From http://en.wikipedia.org/wiki/Paul_Muldoon accessed 6/10/08.

As

by Paul Muldoon


As naught gives way to aught

and oxhide gives way to chain mail

and byrnie gives way to battle-ax

and Cavalier gives way to Roundhead

and Cromwell Road gives way to the Connaught

and I Am Curious (Yellow) gives way to I Am Curious (Blue)

and barrelhouse gives way to Frank’N’Stein

and a pint of Shelley plain to a pint of India Pale Ale

I give way to you.


As bass gives way to baritone

and hammock gives way to hummock

and Hoboken gives way to Hackensack

and bread gives way to reed bed

and bald eagle gives way to Theobald Wolfe Tone

and the Undertones give way to Siouxsie Sioux

and DeLorean, John, gives way to Deloria, Vine,

and Pierced Nose to Big Stomach

I give way to you.


As vent gives way to Ventry

and the King of the World gives way to Finn MacCool

and phone gives way to fax

and send gives way to sned

and Dagenham gives way to Coventry

and Covenanter gives way to caribou

and the caribou gives way to the carbine

and Boulud’s cackamamie to the cock-a-leekie of Boole

I give way to you.


As transhumance gives way to trance

and shaman gives way to Santa

and butcher’s string gives way to vacuum pack

and the ineffable gives way to the unsaid

and pyx gives way to monstrance

and treasure aisle gives way to need-blind pew

and Calvin gives way to Calvin Klein

and Town and Country Mice to Hanta

I give way to you.


As Hopi gives way to Navaho

and rug gives way to rag

and Pax Vobiscum gives way to Tampax

and Tampa gives way to the water bed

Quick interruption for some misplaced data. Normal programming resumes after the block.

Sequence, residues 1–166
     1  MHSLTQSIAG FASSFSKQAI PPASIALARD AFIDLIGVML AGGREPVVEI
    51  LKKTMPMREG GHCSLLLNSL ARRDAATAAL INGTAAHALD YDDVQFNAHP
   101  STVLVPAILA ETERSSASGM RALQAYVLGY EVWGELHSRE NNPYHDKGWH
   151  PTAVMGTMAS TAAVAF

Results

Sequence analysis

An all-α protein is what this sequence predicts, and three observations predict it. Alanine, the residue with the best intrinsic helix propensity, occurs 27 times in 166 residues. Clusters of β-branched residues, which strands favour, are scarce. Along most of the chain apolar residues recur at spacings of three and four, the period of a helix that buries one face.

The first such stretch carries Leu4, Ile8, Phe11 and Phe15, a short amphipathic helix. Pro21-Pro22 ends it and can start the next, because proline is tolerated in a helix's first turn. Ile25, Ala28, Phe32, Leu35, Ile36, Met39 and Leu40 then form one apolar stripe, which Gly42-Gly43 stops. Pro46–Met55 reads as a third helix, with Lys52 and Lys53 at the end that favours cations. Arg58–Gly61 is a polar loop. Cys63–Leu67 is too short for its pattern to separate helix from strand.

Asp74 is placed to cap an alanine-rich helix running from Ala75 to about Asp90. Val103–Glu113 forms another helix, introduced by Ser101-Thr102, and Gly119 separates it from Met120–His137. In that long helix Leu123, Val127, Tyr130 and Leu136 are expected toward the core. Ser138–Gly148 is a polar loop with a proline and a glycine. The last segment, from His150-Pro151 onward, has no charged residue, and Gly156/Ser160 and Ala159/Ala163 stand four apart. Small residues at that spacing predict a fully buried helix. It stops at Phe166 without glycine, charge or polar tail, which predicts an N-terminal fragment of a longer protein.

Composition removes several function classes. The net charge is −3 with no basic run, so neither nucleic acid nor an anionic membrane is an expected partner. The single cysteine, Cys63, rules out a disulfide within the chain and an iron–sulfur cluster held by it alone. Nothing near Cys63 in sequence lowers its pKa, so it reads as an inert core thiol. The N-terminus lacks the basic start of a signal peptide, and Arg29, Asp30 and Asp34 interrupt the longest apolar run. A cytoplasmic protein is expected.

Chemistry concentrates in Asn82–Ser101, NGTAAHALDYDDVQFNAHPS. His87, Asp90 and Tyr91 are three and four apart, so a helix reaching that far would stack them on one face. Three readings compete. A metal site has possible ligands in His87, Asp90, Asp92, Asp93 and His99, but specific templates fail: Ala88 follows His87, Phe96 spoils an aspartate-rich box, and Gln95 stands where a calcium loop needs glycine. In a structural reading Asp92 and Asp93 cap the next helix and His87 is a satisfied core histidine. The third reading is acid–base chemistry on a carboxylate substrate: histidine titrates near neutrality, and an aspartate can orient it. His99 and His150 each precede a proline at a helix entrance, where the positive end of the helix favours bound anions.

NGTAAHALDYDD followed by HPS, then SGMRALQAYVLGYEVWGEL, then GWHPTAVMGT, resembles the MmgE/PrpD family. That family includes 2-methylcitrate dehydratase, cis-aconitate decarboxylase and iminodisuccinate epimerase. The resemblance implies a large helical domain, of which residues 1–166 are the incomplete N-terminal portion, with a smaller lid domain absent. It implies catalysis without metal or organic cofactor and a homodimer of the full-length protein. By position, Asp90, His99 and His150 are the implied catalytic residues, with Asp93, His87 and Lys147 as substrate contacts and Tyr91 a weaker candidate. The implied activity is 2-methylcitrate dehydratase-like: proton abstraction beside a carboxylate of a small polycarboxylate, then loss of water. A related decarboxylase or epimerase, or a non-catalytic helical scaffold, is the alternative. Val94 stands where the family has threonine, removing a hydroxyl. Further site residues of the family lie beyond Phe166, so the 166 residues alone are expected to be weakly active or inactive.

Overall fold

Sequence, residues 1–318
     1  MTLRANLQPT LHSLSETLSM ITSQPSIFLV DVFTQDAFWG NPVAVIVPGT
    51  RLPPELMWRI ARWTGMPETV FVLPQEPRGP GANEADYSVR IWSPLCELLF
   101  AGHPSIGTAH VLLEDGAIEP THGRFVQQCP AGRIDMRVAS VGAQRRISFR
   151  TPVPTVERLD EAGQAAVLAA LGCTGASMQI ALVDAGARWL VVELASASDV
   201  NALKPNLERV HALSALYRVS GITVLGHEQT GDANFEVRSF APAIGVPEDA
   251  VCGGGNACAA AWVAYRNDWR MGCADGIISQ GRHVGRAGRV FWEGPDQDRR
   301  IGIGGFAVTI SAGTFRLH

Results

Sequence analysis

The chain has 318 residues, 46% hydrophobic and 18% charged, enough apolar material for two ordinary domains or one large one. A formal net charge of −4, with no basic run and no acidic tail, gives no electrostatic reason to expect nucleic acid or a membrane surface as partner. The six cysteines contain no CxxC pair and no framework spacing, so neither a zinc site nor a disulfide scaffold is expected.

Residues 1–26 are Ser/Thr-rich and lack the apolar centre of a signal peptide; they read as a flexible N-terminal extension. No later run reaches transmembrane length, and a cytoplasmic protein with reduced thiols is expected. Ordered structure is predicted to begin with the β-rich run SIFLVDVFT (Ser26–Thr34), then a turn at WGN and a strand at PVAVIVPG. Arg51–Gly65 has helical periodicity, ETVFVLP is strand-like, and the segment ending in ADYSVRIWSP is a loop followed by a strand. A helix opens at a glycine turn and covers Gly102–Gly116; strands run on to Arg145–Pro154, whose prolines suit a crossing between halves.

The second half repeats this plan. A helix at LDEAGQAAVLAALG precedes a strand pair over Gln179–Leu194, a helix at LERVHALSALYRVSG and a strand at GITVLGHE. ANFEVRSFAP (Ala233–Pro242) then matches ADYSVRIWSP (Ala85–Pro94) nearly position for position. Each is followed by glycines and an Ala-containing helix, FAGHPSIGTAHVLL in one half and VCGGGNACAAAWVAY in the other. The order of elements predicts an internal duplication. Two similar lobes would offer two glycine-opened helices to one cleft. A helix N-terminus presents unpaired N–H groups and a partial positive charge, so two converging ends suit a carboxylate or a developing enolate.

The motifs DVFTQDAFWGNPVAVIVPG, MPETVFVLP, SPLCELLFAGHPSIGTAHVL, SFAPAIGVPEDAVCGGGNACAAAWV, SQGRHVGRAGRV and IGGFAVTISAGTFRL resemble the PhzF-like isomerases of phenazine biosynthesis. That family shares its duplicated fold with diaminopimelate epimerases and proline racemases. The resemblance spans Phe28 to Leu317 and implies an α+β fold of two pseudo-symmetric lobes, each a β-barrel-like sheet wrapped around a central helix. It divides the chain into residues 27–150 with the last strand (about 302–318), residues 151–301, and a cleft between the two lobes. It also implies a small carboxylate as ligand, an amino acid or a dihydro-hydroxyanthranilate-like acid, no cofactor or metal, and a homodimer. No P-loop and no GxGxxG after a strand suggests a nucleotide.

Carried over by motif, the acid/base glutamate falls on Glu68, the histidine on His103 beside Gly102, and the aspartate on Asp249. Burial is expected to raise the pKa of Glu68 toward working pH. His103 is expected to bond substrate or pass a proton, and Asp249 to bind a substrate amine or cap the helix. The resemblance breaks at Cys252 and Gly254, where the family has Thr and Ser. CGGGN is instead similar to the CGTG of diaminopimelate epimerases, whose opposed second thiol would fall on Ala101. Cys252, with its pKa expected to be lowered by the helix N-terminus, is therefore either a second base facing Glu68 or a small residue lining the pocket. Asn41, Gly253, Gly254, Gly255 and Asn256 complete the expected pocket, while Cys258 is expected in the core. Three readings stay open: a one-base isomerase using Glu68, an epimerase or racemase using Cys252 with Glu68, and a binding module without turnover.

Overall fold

and The Water Babies gives way to Worstward Ho

and crapper gives way to loo

and spruce gives way to pine

and the carpet of pine needles to the carpetbag

I give way to you.


As gombeen-man gives way to not-for-profit

and soft soap gives way to Lynn C. Doyle

and tick gives way to tack

and Balaam’s Ass gives way to Mister Ed

and Songs of Innocence gives way to The Prophet

and single-prop Bar-B-Q gives way to twin-screw

and the Salt Lick gives way to the County Line

and “Mending Wall” gives way to “Build Soil”

I give way to you.


As your hummus gives way to your foul madams

and your coy mistress gives way to “The Flea”

and flax gives way to W. D. Flackes

and the living give way to the dead

and John Hume gives way to Gerry Adams

and Television gives way to U2

and Lake Constance gives way to the Rhine

and the Rhine to the Zuider Zee

I give way to you.


As dutch treat gives way to french leave

and spanish fly gives way to Viagra

and slick gives way to slack

and the local fuzz give way to the Feds

and Machiavelli gives way to make-believe

and Howards End gives way to A Room with a View

and Wordsworth gives way to “Woodbine

Willie” and stereo Nagra to quad Niagara

I give way to you.


As cathedral gives way to cavern

and cookie cutter gives way to cookie

and the rookies give way to the All-Blacks

and the shad give way to the smoke shed

and the roughshod give way to the Black Horse avern

that still rings true

despite that T being missing from its sign

where a little nook gives way to a little nookie

when I give way to you.


That Nanook of the North should give way to Man of Aran

as ling gives way to cod

and cod gives way to kayak

and Camp Moosilauke gives way to Club Med